Mercedes McFadden is pursued by the one man she could fall madly in love with…but he’s the last man on earth she’d ever want to marry. She doesn’t believe opposites attract.
Dante Edwards has lived a rich and elaborate life. Mercedes and her twin brother were orphaned and moved from one foster home to another until they were ten. She’s afraid of love and commitment he wants to settle down and have a family.
Dante, the number two tennis player in the world, is known for his playboy lifestyle but meeting Mercedes was love at first sight. Can he change her mind about falling in love when he flies her to France on their first date? Or will the paparazzi drive her away?
“Do you play tennis? I know your brother used to compete in college.”
“Yes, but I only play for fun or at charity tournaments. I was a junior champion at one time.”
“Honest? I apologize. Your name didn’t ring a bell.”
“No need to apologize. That occurred ten years ago.”
Mercedes turned her right hand over and exposed her scar. “I fell forward, landing all my weight on my wrist with the racquet still in my hand, the joint snapped backward and…well”—she shrugged—“my life was turned topsy-turvy. I still play tennis for pure enjoyment, but I couldn’t bring myself to compete again after the accident. I had pins in my wrist and hand for nearly a year. After all the physical therapy, I no longer had the strength or the will to do what would have been required of me to make a comeback.”
She watched sincerity and concern deepen the blue of his eyes as he reassessed her. Only another athlete steeped in the discipline of his sport at tournament level could really understand all the hurt, disappointment, upheaval, and broken dreams that accident meant to her present and her future.
She paused, remembering, and then steeled herself from looking back—that wouldn’t change anything. She pressed her lips together, tossed back a wisp of hair the warm breeze had worked loose, and lifted her chin, determined to put her best face forward, as she smiled at him.
Dante ran his thumb gently over her scar, and then touched her wrist to his lips with a light kiss. “I’m very sorry.”
Stirred to her very soul, she lifted her eyes from her scar to his mouth before meeting his eyes. She hadn’t expected such an open and deep reaction from someone she recently met, someone who was more like a stranger than even an acquaintance.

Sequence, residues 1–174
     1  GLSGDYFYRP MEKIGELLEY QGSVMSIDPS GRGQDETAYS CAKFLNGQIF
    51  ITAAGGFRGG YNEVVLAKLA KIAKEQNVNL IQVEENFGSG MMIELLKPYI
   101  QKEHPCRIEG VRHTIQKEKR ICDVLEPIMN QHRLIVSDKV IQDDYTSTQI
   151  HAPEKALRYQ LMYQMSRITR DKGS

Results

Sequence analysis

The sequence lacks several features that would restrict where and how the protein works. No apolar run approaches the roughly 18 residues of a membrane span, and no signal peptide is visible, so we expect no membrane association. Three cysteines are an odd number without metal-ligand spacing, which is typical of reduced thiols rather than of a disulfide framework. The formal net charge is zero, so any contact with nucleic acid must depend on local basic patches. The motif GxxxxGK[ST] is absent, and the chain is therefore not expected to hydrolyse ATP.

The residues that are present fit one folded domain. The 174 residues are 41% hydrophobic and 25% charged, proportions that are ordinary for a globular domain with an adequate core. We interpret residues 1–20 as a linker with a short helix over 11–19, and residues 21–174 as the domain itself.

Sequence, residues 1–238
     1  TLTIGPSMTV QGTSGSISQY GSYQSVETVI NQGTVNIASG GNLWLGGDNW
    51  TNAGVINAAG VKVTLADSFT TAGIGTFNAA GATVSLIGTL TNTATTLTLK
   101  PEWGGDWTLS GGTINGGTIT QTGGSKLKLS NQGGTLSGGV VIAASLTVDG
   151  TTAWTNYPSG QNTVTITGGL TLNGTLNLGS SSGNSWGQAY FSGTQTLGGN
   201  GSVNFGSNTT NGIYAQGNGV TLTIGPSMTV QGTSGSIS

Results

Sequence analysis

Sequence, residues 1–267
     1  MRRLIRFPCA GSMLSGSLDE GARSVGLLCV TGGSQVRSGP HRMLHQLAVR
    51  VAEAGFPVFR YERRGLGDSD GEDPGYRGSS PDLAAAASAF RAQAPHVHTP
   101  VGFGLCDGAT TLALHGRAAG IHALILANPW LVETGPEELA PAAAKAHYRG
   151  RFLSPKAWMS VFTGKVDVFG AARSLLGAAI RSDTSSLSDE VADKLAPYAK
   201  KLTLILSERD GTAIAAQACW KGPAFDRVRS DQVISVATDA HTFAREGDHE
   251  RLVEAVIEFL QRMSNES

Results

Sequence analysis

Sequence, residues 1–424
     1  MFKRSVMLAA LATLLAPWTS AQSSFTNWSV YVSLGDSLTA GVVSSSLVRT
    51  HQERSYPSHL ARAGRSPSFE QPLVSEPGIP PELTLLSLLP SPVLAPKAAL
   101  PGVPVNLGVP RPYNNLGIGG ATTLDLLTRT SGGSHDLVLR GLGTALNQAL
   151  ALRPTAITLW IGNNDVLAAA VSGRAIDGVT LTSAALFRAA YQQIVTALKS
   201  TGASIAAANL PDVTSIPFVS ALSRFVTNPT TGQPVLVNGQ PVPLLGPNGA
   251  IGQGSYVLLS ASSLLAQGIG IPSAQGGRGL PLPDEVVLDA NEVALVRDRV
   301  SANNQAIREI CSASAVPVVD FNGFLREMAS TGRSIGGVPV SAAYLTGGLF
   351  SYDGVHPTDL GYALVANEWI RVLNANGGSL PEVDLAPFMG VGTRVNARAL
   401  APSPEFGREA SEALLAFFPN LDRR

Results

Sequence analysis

“You smell good,” he whispered.
Not certain how to respond to that remark, she attempted to recover from her reaction to his sensual gesture and without thinking, said, “So do you.”
The moment those words were out of her mouth, she wanted to take them back, hide her embarrassment, and bury the awkward moment that hung in the air like a blank cartoon dialog balloon.
She had no idea what made her blurt out those words and quickly said, “Don’t be sorry. As you can see, I’ve survived to lead quite a full and interesting life beyond tennis. Things have worked out better than I ever imagined. Although, at the time I felt devastated, and being a teenager, thought my life was over and I had no future. But that only lasted a few years.” She laughed. “Once I began to channel all my energy and concentrated on my studies instead, I enjoyed my college years to the fullest.”
His regard to her response appeared thoughtful and steady. He released her wrist and frowned slightly, then took a sip of tea. “Chasing down stories of rich and famous sports figures has put you at the top of your game in many ways. And obtaining interviews should be a breeze. One look at you, Mercedes, and I’m positive you don’t have to ask anyone twice.”
A flush of embarrassment flowed through her at the compliment. “I rarely make the arrangements for the celebrities I interview. Now that I have the right connections, editors and agents offer me assignments. Sometimes I submit a proposal to an editor with a suggestion on whom I want to base my next article, and after we come to an agreement, they make the detailed preparations to coincide with schedules, usually with the agents who beg for feature articles and interviews to give their clients the publicity.”
“Did you realize freelancing would be this easy?”
She chuckled and shook her head. “No. I consider myself fortunate now, but for a long time I used to write proposals and submit them and received my share of rude rejections. Even if I received an offer, we’d agree on deadlines and a price, usually a flat rate anywhere from a quarter to two dollars a word. Now the offers are much more lucrative.”
“If you’ve been writing this long to have such a well-known name in the sports world, I find it unbelievable most people don’t know you’re a woman.”
Mercedes squeezed more lemon in her tea, misjudged her strength, and squirted Dante in the face. “Oh, I’m sorry,” she said, placing a hand over her mouth.
He wiped the juice off his cheek and looked at her, suppressing a grin. “I doubt your sincerity.”